Combinatorial group

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Programme

Past Seminars

Friday 12.5.2023 at 10:00 ICS, room 318 (and on ZOOM, 4-digit password consisting of the prime numbers <10), Eng Keat Hng (ICS CAS): Characterising flip process rules with the same trajectories

Abstract:Garbe, Hladký, Šileikis and Skerman recently introduced a class of discrete-time random graph processes called flip processes. A flip process starts with a given n-vertex graph, and each step of a flip process involves randomly selecting a k-tuple of distinct vertices and modifying the induced subgraph according to a predetermined rule. It was proved by Garbe, Hladký, Šileikis and Skerman that the typical behaviour of flip processes correspond to certain continuous-time deterministic graphon trajectories.
In this talk we discuss recent work towards characterising flip process rules with the same trajectories.

Friday 5.5.2023 at 10:00 ICS, room 318 (and on ZOOM, 4-digit password consisting of the prime numbers <10), Jan Hladky (ICS CAS): Invitation to graphons

Abstract: The first course in graph theory usually covers concepts such as matchings, independent sets, colourings, and forbidden subgraphs. Around 2004, Borgs, Chayes, Lovász, Sós, Szegedy, and Vestergombi introduced a very fruitful limit perspective on graphs. The central objects of this theory, so-called graphons, are suitable measurable counterparts to graphs.
In the talk, I will outline the syllabus of a hypothetical first course in graphon theory, in particular introducing versions of all the aforementioned concepts in the graphon setting. Based on work with Doležal, Hu, Máthé, Piguet, Rocha.

Friday 28.4.2023 at 10:00 ICS, room 318 (and on ZOOM, 4-digit password consisting of the prime numbers <10), Diana Piguet (ICS CAS): Degree conditions for tree-embedding and implication for the Erdős–Sós Conjecture

Abstract: We shall present an approximate solution of a conjecture of Klimošová, Piguet, and Rozhoň in dense graphs concerning tree embedding. We'll also show how the result implies the approximate version of the Erdős–Sós Conjecture in the context of dense graphs.
This is a joint work with Akbar Davoodi, Hanka Řada, and Nicolás Sanhueza.

Friday 21.4.2023 at 10:00 ICS, room 419 (and on ZOOM), Tomas Juškevičius (ICS CAS): The "power of few" phenomenon: majority dynamics on G(n,p)

Abstract: The "majority dynamics" process on a social network begins with an initial phase, where the individuals are split into two competing parties, Red and Blue. Step by step everyone updates their affiliation to match the majority among those of their friends. While studying this process on Erdos-Renyi G(n, p) random graph (with constant density), Van Vu and Linh Tran discovered the "Power of Few" phenomenon, showing that a very small advantage to one side already guarantees that everybody will unanimously join that side after just a few days with overwhelming probability. For example, when p = 1/2, then 10 extra members guarantee this unanimity with a 90% chance, regardless of the value of n. We shall present some of these results and formulate a couple of open problems.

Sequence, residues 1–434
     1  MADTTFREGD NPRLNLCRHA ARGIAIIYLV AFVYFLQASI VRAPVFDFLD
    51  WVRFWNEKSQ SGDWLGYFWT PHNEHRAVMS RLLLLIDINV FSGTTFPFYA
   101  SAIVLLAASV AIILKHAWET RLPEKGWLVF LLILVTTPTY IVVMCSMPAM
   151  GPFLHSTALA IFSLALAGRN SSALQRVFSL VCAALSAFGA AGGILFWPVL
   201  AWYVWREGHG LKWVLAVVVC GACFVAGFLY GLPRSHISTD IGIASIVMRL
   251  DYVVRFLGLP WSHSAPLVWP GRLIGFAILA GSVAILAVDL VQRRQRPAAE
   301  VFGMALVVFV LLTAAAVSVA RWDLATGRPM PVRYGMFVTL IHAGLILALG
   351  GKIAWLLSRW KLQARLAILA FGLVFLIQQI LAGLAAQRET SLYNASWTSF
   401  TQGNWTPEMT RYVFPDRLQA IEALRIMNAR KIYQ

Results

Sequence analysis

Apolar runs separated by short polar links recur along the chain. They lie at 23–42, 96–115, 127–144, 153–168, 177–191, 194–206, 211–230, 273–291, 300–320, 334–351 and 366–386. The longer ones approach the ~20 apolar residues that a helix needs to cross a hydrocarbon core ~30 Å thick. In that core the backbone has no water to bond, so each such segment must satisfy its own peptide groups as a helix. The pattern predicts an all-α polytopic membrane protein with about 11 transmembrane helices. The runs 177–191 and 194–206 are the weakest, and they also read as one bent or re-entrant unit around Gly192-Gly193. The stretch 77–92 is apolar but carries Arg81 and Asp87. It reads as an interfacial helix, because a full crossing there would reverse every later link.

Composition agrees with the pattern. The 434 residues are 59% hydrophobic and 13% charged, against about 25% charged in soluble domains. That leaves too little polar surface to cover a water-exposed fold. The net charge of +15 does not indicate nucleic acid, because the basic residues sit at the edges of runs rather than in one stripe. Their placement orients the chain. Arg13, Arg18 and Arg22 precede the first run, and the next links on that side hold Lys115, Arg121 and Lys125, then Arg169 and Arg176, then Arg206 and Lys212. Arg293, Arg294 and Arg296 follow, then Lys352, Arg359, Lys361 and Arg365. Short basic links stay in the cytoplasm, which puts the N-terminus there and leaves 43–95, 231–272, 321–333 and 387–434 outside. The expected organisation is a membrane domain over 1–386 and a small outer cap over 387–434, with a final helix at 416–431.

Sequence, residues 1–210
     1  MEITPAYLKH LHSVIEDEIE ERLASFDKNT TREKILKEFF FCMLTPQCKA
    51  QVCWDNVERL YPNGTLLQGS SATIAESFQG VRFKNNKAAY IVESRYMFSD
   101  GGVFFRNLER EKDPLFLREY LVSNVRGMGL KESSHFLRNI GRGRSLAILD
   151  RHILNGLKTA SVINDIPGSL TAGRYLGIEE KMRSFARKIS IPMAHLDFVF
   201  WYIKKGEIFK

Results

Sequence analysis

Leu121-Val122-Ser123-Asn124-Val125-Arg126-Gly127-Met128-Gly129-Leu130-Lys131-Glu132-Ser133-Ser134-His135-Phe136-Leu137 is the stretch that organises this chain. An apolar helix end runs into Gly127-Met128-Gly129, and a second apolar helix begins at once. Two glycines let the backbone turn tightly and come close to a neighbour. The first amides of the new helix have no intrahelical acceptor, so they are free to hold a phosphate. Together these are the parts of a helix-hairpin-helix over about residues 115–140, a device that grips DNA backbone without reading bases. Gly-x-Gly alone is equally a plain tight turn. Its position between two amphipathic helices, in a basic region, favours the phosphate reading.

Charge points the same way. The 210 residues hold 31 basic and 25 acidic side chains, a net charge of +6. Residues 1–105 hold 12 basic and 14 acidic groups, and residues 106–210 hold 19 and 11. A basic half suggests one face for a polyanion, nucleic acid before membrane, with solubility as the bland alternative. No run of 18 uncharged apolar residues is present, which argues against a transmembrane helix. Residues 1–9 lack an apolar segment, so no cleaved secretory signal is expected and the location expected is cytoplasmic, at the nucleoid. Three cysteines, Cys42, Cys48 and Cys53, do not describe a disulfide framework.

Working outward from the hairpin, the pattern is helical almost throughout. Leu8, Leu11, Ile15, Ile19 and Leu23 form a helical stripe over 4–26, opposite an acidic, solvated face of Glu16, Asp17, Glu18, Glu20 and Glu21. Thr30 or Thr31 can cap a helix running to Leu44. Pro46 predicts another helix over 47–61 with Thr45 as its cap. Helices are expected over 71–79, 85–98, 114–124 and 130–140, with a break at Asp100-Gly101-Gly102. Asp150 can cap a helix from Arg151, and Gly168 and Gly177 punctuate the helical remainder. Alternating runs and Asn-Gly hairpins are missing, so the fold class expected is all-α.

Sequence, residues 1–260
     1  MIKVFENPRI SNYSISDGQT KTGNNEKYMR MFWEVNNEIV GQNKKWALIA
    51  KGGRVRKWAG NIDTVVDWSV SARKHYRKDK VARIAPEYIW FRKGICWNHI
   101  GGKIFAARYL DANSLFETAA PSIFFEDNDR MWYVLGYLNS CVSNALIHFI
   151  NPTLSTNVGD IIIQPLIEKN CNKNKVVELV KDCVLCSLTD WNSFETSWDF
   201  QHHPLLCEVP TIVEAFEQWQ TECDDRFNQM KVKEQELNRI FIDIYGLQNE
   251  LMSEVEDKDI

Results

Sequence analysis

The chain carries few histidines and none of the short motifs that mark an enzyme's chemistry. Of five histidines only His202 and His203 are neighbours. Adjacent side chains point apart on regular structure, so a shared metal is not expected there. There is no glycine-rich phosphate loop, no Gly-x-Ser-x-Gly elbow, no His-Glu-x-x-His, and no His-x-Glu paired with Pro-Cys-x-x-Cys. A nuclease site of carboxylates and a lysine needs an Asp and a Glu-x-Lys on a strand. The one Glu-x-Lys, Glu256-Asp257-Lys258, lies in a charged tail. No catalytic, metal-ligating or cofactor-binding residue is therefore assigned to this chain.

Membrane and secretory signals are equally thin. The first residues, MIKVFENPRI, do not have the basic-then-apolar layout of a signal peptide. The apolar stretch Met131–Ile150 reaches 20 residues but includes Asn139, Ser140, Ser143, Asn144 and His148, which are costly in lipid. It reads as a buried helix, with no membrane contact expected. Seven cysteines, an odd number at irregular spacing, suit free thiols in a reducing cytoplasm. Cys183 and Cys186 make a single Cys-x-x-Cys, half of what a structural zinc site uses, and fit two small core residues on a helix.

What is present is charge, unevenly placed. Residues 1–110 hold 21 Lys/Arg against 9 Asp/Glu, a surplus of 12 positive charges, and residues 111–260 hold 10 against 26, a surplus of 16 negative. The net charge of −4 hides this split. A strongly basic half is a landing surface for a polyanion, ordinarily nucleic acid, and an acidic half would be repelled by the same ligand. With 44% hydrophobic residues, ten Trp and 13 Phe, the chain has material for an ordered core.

The talk is based on recent papers of Van Vu and Linh Tran.

Friday 14.4.2023 at 10:00 ICS, room 318 (and on ZOOM), Matas Šileikis (ICS CAS): Maximum local tree counts in G(n,p)

Abstract: We consider a generalization of the maximum degree. Given a rooted tree T, let X_v be the number of copies (injective homomorphisms) of T rooted at v in the random graph G(n,p). We ask the question where the maximum of X_v over all vertices is concentrated. For p tending to zero not too fast, the maximum is asymptotically attained by the vertex of maximum degree. That is, if the maximum degree is concentrated at D = D(n,p), then maximum T-count is concentrated at D^d(pn)^{e(T) - d}, where d is the degree of the root. However, for smaller p, the maximum is of higher order and the answer crucially depends on the structure of T.

Wednesday 11.1.2023 at 09:30 ICS, room 318 (and on ZOOM), Małgorzata Sulkowska (Wrocław University of Science and Technology): Modularity of minor-free graphs

Abstract: Modularity is a well-established parameter measuring the presence of community structure in the graph. It was introduced by Newman and Girvan in 2004. Nowadays it is widely used as a quality function for community detection algorithms. The popular heuristic clustering algorithms (e.g., Louvain algorithm or Leiden algorithm) find a partition using modularity-based approach. We prove that a class of graphs with an excluded minor and with the maximum degree sublinear in the number of edges is maximally modular, that is, for every eps>0, the modularity of any graph in the class with sufficiently many edges is at least 1-eps. This completes the classification of maximally modular classes among all commonly considered subclasses of nowhere dense graphs with maximum degree sublinear in the number of edges.
Joint work with Michał Lasoń.


seminars in 2022

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seminars in 2020

seminars in 2019

seminars in 2018

seminars in 2017

seminars in 2016